Communication is a key workplace skill which involves both speaking and listening. Read on to see these active listening activities that will help you improve your ability to listen and become an A+ communicator.Some of the most valuable employees in an organisation and the most successful workplace teams are those that communicate well. Communication is important for collaboration, giving and receiving instructions, conflict resolution and team building but workplace communication can suffer when individuals don’t feel heard.
Active listening: three levels of listening
In coaching, we talk about there being 3 levels of listening. Level 3 is where you want to aim for:
Level 1: You are only paying partial attention to what is being said. You are also thinking about other things such as what you are going to say next, how much you agree with the speaker or something totally different such as what you are going to cook for dinner later.
Level 2: You show that you are paying attention to everything that is said by giving eye contact, head nodding and/or verbal acknowledgments such as “ok”, “I see” etc.
Level 3: You demonstrate a complete understanding of what the other person is trying to get across by paying full attention to body language and non-verbal messages, as well as what the other person is saying. This is the level you want to achieve to be a good listener.
Active listening activities to try in the workplace (and at home):
o People who are naturally in-tune with each other will often mirror each other’s body language without thinking. It is a key tool that coaches use to build empathy and trust with their clients.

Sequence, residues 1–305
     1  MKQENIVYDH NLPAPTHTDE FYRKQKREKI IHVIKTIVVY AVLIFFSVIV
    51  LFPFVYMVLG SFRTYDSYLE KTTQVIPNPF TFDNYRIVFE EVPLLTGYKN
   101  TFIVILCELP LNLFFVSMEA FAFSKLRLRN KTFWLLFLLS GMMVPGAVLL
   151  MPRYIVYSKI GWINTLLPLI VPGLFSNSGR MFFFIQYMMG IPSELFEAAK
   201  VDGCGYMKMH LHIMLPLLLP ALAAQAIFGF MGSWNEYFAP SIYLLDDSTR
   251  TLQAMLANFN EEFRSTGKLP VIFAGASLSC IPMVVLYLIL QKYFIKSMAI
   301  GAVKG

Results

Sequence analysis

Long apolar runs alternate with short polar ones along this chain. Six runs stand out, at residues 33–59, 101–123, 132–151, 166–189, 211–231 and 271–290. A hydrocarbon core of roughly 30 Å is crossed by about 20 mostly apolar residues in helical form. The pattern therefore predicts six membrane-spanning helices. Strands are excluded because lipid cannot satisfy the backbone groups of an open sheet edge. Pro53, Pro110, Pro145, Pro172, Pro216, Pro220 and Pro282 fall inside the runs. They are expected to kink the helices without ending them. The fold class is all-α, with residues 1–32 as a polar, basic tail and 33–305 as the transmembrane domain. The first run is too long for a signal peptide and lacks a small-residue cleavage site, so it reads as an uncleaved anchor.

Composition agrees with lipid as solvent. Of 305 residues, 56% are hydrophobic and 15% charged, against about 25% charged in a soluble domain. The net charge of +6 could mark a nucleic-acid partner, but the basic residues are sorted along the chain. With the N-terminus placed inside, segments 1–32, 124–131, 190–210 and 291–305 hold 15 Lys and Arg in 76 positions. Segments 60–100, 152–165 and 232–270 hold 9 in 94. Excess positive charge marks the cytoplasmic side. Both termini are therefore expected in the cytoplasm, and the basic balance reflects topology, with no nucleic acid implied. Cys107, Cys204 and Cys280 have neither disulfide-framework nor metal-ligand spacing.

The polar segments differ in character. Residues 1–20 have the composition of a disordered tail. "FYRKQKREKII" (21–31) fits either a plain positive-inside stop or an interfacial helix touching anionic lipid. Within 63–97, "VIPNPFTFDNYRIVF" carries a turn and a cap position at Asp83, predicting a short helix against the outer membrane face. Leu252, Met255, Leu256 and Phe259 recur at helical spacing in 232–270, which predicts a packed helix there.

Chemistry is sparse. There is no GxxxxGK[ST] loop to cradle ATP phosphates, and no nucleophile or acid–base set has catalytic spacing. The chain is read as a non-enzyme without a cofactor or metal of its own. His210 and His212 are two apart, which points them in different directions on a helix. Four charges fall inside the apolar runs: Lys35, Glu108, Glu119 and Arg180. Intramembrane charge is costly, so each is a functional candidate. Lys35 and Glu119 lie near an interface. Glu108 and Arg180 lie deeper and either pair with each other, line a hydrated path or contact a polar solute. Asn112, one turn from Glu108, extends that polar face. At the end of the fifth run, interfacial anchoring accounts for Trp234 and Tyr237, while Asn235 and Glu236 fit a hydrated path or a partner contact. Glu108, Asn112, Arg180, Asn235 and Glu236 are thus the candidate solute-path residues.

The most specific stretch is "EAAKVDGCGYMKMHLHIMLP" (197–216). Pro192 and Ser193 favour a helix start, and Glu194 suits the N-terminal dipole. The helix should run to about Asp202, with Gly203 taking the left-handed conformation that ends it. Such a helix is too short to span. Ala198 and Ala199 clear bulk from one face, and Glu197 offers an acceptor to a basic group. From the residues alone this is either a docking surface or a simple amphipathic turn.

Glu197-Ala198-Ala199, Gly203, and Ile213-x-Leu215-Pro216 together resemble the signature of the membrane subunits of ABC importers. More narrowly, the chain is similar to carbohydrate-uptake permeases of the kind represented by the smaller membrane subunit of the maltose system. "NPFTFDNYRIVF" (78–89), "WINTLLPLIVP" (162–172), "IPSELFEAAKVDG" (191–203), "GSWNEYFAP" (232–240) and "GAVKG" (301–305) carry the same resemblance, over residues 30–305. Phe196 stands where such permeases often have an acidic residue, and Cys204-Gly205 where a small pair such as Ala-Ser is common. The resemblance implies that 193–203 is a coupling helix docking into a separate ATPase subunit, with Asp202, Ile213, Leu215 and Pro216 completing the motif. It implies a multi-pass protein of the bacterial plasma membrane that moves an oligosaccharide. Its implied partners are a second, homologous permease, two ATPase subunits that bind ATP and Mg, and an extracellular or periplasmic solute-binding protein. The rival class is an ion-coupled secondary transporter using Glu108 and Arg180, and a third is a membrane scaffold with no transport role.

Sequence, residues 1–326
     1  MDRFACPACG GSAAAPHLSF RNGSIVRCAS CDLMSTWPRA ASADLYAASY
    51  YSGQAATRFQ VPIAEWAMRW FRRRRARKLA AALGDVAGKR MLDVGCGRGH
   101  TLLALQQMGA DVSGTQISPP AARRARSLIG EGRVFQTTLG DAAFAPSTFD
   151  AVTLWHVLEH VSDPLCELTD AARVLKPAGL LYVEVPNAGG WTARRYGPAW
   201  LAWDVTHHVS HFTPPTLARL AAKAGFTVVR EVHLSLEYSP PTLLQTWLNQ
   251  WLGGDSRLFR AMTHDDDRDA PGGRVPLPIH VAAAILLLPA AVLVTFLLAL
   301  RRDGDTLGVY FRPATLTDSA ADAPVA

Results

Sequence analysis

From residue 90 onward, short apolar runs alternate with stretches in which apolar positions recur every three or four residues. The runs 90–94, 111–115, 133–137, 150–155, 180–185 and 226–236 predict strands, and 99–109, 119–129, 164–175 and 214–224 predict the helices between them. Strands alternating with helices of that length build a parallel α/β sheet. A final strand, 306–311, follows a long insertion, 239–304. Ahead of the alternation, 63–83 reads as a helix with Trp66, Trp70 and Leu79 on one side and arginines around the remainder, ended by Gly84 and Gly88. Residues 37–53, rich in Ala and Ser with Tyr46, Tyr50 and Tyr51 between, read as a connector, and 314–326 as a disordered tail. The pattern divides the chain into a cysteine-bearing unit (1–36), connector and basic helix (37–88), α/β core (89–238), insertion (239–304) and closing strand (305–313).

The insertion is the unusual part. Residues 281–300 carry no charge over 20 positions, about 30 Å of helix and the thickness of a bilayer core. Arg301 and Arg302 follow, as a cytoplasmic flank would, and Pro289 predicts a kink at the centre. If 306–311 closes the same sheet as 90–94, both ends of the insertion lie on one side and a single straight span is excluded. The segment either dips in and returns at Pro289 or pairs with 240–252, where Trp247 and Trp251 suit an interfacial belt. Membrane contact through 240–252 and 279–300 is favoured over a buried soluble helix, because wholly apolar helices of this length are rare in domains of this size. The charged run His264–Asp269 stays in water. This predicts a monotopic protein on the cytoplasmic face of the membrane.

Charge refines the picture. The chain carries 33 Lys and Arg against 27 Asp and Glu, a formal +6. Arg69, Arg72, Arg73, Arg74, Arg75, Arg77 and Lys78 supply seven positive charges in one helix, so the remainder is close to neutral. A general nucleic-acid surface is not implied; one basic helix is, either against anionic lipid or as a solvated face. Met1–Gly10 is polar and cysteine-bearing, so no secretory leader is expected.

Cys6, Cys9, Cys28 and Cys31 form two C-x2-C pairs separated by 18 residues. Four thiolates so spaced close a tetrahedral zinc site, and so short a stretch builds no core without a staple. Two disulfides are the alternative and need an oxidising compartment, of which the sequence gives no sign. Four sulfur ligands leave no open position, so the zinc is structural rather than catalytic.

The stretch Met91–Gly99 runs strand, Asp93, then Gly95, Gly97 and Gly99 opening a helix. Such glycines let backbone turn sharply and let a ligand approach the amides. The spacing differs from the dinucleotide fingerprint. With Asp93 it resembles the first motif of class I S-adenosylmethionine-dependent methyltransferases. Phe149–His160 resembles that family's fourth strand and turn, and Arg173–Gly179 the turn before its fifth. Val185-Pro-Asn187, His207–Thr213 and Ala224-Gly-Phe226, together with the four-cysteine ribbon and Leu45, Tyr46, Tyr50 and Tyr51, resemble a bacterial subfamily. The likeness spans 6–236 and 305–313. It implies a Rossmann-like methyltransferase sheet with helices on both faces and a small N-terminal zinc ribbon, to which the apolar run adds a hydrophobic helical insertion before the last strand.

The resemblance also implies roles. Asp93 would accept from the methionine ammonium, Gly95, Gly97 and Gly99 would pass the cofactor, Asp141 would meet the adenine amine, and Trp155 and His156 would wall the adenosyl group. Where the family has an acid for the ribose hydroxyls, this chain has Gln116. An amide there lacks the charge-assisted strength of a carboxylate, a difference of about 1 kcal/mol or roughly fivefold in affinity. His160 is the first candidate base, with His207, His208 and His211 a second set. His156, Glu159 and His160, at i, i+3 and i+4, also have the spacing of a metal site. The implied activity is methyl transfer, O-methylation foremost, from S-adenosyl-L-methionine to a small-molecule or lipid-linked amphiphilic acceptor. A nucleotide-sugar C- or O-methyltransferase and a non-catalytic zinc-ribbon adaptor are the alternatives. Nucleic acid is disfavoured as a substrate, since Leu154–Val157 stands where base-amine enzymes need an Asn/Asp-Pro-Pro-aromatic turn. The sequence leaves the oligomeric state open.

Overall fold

o It is simple: mirror the other person’s body language and use some of their language when speaking.
o For example, if they have their legs crossed and one arm on the table, try and do the same without making it obvious. If they use a particular word, then use that word in your response rather than an alternative word that you would normally choose.
• The Four R’s of Effective Listening:
o Respect: Respect the other person’s right to have different opinions to yours and do not judge.
o Real Time: Be in the moment and listen actively to what is being said. Stop yourself from forming questions or thinking about what you will say next.
o Relate: Demonstrate your understanding of what is being said by using phrases such as: “I hear what you are saying”, “I understand” or “That must have been really difficult for you”. Try to mirror their body language (see above) and use some of their words in your response: this helps build empathy and trust.
o Reflect: Depending on the discussion topic, you may need to gain clarification if there has been a lot of information. This builds rapport because the other person knows that you are interested and can gauge if you have fully understood. Do this by summarising what the person has said, using their language. For example: “So you completed the task on time but you are feeling anxious because they still haven’t contacted you about it?”
Our Feel Great @ Work e-learning course includes a variety of coaching activities for you and your staff to try, aimed at ensuring everyone is happy at work and achieving their best.
Jones, G. & Gorell, R. (2015) 50 Top Tools for Coaching: A Complete Toolkit for Developing and Empowering People